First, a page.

May 15, 2021 | Updated: 08:45 AM EDT

BrickerBot.3 Makes 1,295 Permanent Denial-Of-Service Attacks In 15 Hours

Apr 27, 2017 05:18 AM EDT

On April 20, a researcher noticed the appearance from out of nowhere of the BrickerBot.3. The newest permanent denial-of-service botnet attacked 1,295 times in 15 hours. The creator used a modified attack script which added several commands designed to provide more shock and awe the targets of its attacks.

BrickerBot.1, which first surfaced on March 20, made 1,895 attack in four days when it was active. BrickerBot.2 makes 12 attacks daily. It is still active, Ars Technica reports. According to Paul Geenens, the researcher who was the first to document the permanent denial-of-service botnet, says there is no correlation between the gadgets used in the previous attack as compared to the current attack.

Geenens adds there is now a BrickerBot.4, another permanent denial-of-service attack which tried to hit devices almost 1,400 times, but it was over a 24-hour period. All four brickerbots are made up of Internet of Things devices that run on an outdated version of the Dropbear SSH server with IP addresses that are public but geographically dispersed. Geenens, from Radware, a security firm, suspects the brickerbots are IoT gadgets that are poorly secured that has been compromised and used to permanently take out devices that are similarly unsecured.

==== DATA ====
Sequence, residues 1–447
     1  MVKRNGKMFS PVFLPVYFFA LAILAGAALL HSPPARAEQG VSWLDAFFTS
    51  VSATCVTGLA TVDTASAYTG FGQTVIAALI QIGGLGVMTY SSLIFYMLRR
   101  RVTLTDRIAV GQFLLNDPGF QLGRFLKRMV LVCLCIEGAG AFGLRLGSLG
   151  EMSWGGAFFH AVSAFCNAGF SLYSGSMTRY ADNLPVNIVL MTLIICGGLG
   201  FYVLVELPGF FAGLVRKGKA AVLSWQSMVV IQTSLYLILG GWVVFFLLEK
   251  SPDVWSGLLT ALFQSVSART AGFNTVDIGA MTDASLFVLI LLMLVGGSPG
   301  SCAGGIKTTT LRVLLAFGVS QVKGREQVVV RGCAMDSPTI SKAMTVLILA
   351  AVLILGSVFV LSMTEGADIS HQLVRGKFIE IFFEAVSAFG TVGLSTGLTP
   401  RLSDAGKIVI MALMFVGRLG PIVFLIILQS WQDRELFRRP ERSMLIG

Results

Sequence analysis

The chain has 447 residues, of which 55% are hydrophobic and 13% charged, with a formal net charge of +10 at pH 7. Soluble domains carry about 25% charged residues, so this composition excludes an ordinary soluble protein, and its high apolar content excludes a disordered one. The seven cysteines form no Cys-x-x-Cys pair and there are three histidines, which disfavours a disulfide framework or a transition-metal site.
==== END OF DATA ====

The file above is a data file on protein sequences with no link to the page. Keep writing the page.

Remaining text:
The IoTs that the brickerbots attack are cameras, VRs, and other IoT gadgets that run on BusyBox, a Linux tool package, and have a telnet-based interface that is publicly exposed since the owner did not change the factory default administrative password, Tech Crunch reports. It is the same devices attacked in 2016 by Mirai, an IoT botnet software which generated permanent-denial-of-service attacks on several occasions.

Gizmodo says the hacker who released the brickerbots uses the name Janitor. However, the most fared IoT malware is not BrickerBot.3 or BrickerBot.4 but is still Mirai. It is what crippled the internet of the U.S. in October after it made permanent denial-of-service attacks. It also brought Dyn, one of the largest domain name server companies in the world, to its knees.

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